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What are the biggest risks for people in hospitality or service?

| Dec 18, 2020 | Workers' Compensation |

The hospitality and service industries represent a major opportunity for workers in California. They can give you a chance to support yourself with flexible hours while going to school or even working another entry-level job.

You don’t need a degree or any job experience to provide service and support to customers and clients at a business hotel or restaurant. Additionally, the potential exists to receive generous gratuities and tips when you provide excellent service or build a rapport with repeat customers.

With those benefits come certain risks. Although hospitality and service work may not have the same degree of risk that jobs in fishing, agriculture or construction have, people who work in hospitality get hurt all the time on the job. What are some of the biggest risks for hospitality workers that can result in workers’ compensation claims?

Overexertion is a leading cause of injury in service and hospitality fields

Servers, barbacks and other professionals that take care of customers may have to lift, carry or maneuver heavy items. Whether you have to lift a case of new products to put it on a display or move someone’s luggage for them, you could potentially hurt your back, your legs or your arms while trying to perform physical service.

Strains, sprains and even broken bones from overexertion will often mean an extended leave of absence from work for those working in service and hospitality.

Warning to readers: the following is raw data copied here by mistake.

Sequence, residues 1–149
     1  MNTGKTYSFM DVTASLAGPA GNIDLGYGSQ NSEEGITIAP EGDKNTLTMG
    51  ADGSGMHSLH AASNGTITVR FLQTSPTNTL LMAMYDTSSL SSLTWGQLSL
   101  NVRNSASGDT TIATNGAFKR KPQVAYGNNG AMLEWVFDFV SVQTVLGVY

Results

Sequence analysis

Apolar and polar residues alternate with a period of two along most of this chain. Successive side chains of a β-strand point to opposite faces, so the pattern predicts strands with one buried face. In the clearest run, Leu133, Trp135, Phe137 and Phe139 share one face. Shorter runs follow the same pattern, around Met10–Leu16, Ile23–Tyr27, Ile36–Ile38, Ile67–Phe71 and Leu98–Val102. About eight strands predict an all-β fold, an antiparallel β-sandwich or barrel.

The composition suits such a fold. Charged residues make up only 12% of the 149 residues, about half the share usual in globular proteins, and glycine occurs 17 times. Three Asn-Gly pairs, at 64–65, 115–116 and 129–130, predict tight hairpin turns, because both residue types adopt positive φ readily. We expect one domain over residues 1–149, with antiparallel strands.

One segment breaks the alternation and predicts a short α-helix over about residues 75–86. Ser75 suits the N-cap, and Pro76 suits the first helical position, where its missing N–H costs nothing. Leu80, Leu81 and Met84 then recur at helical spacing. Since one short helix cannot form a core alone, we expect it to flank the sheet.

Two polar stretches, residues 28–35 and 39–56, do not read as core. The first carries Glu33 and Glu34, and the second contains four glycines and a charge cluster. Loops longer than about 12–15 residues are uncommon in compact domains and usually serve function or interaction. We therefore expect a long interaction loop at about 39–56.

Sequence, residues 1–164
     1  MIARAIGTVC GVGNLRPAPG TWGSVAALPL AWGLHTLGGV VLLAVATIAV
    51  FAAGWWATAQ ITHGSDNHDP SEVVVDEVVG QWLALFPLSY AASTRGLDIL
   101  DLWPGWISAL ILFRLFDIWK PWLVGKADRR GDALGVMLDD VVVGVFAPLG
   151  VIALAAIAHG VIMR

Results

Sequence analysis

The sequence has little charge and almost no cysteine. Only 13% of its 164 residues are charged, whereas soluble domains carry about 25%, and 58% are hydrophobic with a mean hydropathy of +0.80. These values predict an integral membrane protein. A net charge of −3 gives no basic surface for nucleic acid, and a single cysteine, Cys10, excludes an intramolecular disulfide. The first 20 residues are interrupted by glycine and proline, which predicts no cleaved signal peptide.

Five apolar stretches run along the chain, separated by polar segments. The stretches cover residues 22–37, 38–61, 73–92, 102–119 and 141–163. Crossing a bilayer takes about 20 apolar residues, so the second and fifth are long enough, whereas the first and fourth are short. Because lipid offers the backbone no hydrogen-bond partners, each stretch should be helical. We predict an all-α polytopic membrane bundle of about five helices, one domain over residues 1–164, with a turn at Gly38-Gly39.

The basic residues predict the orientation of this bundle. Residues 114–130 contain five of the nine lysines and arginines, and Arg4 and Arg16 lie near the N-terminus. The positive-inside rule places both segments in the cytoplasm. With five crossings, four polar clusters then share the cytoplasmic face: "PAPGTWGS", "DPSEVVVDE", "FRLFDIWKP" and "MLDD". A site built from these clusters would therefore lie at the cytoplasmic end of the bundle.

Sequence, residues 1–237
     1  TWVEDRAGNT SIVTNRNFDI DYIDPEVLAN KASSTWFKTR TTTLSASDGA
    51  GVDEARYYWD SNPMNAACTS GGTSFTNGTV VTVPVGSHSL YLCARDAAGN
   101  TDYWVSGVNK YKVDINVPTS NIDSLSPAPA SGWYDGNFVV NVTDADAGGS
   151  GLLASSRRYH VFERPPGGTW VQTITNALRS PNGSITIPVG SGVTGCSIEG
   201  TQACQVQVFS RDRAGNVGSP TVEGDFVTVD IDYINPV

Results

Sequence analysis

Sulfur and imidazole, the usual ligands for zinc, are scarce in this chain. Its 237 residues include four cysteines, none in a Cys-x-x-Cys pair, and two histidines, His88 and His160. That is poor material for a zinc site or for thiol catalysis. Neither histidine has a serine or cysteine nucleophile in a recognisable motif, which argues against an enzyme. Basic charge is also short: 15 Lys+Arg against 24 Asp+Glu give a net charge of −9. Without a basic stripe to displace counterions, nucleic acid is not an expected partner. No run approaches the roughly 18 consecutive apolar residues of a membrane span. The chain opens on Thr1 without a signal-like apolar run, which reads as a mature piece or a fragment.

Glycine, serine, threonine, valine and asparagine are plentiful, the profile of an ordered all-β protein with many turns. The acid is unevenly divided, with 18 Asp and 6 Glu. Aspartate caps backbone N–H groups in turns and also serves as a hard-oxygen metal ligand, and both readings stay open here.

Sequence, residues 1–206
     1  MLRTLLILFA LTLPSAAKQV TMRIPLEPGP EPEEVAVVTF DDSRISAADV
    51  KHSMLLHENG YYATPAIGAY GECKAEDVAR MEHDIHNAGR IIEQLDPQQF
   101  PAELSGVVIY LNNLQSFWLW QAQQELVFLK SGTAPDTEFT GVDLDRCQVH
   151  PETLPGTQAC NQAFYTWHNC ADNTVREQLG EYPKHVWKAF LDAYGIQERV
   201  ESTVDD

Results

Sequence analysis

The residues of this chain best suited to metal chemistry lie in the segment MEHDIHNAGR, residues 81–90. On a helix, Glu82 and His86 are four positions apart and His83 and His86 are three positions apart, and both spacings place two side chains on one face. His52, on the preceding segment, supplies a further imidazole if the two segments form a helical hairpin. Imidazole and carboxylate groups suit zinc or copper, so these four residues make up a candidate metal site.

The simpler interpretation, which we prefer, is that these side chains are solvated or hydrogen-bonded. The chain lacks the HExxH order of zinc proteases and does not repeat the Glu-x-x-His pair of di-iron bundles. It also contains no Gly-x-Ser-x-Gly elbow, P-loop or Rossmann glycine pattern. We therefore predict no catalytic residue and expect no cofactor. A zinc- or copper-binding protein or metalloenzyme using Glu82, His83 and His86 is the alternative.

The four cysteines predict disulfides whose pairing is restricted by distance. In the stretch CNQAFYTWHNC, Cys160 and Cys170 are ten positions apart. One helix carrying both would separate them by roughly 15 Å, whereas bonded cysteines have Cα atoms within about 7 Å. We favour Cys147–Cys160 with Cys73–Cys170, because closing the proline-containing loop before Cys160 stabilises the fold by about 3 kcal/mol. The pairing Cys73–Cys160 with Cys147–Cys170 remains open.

The need for speed often results in the risk of falls

People in service or hospitality have to move quickly and manage multiple issues and requests at one time. Rapid changes in direction, focusing on a destination rather than the environment and even just moving a little too fast can all increase the risk of slipping and falling on the job.

While many people who fall in service or hospitality jobs will fall on the same surface, not down a flight of stairs or off the side of a building, those falls can still result in injuries ranging from broken bones to traumatic brain injuries.

Hospitality workers also have risks for chemical exposure, electrical injuries, cuts due to knives or broken glass, and even violence from co-workers of customers. As with any other hardworking employee, hospitality workers who suffer injuries on the job have the right to seek compensation for their lost wages and the medical care they need during their recovery.